The two main categories of stretching devices are mechanical and pneumatic systems. The type of system you use will be determined by the number and sizes of the frames you plan on stretching, as well as your budget.

 

Within the pneumatic category are air-bar and individual-clamp stretching systems. The air-bar systems tend to be less expensive due to the fewer parts they involve, but they normally don’t stretch mesh as uniformly as a system based on individual pneumatic clamps. The individual-pneumatic-clamp system can compensate for inconsistency in mesh loading, while air-bar systems can’t. However, both types of pneumatic systems allow for the fabric to stabilize since constant pressure is put on the fabric during the stretching process. Another  benefit to pneumatic systems is the fact that most can pre-bow the frame, resulting in even more consistent tensioning among screens.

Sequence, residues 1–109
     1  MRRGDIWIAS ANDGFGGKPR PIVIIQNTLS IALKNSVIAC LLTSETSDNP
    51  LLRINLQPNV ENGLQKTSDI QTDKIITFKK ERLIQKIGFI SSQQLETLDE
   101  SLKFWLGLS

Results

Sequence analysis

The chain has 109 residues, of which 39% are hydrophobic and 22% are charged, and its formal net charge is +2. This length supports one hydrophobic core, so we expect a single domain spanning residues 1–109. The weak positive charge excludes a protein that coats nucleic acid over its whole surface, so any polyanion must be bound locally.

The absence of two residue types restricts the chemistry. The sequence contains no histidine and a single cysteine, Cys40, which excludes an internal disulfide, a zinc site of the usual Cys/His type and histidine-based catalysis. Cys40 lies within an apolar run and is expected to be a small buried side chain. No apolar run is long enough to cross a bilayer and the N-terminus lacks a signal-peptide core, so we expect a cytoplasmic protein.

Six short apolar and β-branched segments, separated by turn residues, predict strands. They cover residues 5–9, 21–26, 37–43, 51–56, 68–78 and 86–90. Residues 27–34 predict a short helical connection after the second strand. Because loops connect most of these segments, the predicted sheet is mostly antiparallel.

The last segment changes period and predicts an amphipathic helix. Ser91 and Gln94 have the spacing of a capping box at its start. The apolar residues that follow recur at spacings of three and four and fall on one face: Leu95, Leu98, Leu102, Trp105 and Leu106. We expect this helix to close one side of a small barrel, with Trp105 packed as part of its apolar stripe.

Mechanical stretching systems can be as simple as canvas pliers or as complex as individual clamps attached to a moving bar. Normally these systems are used for low-volume stretching or where a tight budget is involved. The more elaborate mechanical stretchers are used for wire-mesh tensioning because of their ability to stretch with little deformation of the fabric during the stretching process. Extremely large mechanical units also are offered for large-format screenmaking. Mechanical systems are highly effective in getting the job done, but generally they lack the finesse of a quality pneumatic system.